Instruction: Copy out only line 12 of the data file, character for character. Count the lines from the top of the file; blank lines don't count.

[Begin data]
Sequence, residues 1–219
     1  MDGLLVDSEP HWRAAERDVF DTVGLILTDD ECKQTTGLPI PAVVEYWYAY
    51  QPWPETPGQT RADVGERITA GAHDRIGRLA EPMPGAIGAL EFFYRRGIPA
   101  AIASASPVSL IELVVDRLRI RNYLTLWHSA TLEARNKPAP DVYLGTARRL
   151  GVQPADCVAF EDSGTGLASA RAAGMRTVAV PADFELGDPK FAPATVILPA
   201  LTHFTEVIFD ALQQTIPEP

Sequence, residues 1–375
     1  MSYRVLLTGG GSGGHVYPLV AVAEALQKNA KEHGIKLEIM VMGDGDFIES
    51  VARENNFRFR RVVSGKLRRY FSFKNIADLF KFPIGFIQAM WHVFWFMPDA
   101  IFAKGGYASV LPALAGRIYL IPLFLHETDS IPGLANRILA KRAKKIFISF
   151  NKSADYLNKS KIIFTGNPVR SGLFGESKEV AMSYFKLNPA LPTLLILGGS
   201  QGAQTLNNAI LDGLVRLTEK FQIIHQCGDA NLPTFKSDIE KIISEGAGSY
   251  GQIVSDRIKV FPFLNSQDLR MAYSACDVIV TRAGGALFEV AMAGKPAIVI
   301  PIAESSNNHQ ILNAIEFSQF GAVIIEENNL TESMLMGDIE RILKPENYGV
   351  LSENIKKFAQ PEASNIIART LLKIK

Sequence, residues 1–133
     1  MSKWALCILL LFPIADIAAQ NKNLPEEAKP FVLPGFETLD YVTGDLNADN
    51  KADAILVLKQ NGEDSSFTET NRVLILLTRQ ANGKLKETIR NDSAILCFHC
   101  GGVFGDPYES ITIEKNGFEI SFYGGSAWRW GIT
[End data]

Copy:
   201  QGAQTLNNAI LDGLVRLTEK FQIIHQCGDA NLPTFKSDIE KIISEGAGSY